Each year Palm Springs dedicates a week to celebrating Midcentury Modernism architecture in the desert city. Now, it has more reason to celebrate.
The Architecture and Design Center, Edwards Harris Pavilion, is set to open Nov. 9. It will provide a place to showcase the sleek style pioneered by architects such as Richard Neutra, Donald Frey and E. Stewart Williams.
The project is an expansion of the Palm Springs Art Museum, which also is housed in a Williams building. — latimes.com
The facades of his 515 Highline, a 12-unit condo at 515 West 29th Street in West Chelsea that will almost touch the elevated park, will be rippled like the surface of a sea.
And Soori High Line, a 27-unit condo across the street at 522 West 29th, will have not only rooftop pools [...]. More than a dozen lower-floor apartments will also come with private pools to allow residents to float above it all while contemplating the brash buildings that increasingly populate the surrounding blocks. — nytimes.com
In 1963, a man in the Nevşehir Province of Turkey knocked down a wall of his home. Behind it, he discovered a mysterious room and soon discovered an intricate tunnel system with additional cave-like rooms. What he had discovered was the ancient Derinkuyu underground city in Turkey — sunnyskyz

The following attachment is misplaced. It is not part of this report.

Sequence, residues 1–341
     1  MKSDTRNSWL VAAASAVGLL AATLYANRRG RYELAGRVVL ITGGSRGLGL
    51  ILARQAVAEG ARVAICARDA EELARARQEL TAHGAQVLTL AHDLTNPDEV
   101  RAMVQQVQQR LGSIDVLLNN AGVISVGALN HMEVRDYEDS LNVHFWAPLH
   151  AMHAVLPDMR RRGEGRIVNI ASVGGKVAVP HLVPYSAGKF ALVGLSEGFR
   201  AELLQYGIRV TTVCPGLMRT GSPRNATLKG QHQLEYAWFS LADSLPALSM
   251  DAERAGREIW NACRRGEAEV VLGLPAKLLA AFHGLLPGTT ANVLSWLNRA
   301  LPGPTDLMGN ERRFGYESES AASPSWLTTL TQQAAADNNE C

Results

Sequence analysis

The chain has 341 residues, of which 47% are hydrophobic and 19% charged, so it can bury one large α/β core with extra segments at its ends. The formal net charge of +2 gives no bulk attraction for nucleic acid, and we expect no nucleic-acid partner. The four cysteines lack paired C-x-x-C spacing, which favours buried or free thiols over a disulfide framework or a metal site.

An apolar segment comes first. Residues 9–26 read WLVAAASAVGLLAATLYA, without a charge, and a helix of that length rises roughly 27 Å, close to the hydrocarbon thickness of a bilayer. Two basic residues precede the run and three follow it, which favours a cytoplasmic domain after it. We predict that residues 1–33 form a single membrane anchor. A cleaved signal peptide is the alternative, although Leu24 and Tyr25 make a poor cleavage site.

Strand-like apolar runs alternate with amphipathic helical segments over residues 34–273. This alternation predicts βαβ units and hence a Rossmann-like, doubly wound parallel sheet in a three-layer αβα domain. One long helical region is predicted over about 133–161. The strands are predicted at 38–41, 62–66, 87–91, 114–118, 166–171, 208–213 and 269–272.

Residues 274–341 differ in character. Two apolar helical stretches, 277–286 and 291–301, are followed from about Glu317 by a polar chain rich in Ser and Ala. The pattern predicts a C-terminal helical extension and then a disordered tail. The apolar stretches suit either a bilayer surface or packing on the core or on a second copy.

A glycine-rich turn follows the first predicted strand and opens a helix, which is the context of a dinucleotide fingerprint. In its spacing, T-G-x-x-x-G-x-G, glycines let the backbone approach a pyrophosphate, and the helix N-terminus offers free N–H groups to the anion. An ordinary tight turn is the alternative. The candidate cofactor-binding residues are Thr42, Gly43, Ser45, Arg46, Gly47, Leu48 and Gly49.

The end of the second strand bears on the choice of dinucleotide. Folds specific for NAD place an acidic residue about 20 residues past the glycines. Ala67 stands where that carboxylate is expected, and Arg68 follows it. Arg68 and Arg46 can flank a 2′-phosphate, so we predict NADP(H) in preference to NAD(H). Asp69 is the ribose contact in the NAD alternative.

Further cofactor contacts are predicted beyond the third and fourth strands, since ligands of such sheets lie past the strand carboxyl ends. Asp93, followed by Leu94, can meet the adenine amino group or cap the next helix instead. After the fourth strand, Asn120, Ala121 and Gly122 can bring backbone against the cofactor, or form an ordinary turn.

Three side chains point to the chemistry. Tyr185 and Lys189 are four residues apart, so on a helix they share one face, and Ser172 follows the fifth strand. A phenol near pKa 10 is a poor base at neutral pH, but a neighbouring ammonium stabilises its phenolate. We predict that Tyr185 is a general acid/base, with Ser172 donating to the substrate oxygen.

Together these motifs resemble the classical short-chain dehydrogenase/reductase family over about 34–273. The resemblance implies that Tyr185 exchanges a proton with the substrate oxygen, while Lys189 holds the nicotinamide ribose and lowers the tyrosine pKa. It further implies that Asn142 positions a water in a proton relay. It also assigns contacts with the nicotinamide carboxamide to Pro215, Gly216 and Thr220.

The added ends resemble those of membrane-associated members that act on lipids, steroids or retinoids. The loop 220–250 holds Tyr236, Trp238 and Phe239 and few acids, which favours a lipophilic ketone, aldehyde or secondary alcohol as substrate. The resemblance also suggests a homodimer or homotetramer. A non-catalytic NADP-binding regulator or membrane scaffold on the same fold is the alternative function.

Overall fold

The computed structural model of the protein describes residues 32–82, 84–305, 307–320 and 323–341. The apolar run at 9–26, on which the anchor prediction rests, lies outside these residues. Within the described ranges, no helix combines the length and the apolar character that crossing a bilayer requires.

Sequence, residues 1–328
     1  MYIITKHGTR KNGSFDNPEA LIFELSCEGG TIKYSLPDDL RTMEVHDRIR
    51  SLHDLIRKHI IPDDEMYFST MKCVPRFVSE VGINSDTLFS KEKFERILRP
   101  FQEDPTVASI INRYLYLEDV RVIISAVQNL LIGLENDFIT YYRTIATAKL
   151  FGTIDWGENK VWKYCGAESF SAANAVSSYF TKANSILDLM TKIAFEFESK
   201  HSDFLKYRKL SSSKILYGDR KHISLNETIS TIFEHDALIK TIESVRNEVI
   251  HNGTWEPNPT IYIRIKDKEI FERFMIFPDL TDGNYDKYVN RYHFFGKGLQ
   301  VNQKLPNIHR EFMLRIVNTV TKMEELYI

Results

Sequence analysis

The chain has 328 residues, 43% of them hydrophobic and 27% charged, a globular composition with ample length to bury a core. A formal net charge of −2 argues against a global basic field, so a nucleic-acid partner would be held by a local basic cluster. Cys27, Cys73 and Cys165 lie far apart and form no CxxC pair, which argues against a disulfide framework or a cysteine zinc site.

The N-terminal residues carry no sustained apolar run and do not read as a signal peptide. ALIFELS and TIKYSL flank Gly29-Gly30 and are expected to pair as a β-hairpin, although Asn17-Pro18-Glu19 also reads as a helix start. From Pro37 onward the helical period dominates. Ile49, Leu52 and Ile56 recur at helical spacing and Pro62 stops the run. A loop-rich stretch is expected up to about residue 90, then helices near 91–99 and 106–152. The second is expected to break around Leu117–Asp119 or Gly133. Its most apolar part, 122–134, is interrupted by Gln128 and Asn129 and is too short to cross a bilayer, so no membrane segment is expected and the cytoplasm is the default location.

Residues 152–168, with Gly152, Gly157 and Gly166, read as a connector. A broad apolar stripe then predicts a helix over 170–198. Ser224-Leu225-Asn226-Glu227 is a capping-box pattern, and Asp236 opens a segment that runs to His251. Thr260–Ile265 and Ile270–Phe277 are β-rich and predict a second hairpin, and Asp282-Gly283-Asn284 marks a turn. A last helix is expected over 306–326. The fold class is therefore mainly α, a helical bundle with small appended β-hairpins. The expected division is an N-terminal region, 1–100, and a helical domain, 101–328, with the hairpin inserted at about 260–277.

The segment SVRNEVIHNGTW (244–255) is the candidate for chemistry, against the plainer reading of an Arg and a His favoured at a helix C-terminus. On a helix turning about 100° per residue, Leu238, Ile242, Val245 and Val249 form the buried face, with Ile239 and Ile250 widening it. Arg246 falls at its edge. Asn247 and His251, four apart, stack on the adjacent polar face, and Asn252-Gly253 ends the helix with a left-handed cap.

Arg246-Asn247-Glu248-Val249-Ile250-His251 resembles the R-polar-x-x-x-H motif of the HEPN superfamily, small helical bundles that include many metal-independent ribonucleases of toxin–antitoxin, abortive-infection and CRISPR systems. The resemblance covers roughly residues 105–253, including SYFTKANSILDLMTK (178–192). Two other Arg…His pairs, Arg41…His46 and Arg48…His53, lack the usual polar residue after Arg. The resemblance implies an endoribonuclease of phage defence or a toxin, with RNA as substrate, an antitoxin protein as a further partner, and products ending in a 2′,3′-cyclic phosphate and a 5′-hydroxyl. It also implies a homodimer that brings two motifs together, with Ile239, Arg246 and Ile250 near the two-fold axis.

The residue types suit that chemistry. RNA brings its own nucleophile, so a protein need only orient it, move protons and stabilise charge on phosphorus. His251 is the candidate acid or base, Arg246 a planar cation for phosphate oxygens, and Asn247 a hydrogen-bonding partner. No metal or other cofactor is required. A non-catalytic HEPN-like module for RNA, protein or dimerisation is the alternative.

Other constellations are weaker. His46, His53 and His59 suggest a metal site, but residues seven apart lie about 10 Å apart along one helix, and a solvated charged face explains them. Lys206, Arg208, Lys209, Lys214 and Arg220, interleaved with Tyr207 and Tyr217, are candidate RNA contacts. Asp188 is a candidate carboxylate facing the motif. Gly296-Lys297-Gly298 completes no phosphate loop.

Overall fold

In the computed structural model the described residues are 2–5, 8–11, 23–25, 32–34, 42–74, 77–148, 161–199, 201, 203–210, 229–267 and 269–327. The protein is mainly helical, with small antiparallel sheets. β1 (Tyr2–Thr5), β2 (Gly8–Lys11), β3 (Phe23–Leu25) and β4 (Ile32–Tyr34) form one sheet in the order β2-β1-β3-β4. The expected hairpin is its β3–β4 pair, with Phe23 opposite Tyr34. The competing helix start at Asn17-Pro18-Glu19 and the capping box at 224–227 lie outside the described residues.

The latest edition of the Working out of the Box: series featured, Julia Watson (landscape architect turned sacred space conservationist) of Studio Rede. jla-x had two comments; first, that the interview with/work of Studio Rede is "Fantastic!" and second "love this series".Plus, Nicholas...
Google's satellite imaging allows us to virtually tour remote or inaccessible locales the world over, and with recently improved resolutions and initiatives from the Google Cultural Institute, our gaze can go farther and more intimately into places we may never physically visit. Google's interest...
It's been a long time since the Houston Oilers or any other team called the Astrodome home, and voters rejected a bond measure to adapt and reuse this domed cathedral last year. But Emmett's not giving it up. Yesterday, he led the press on a tour of the Astrodome to introduce his own plan to restore it: By creating the world's largest indoor park.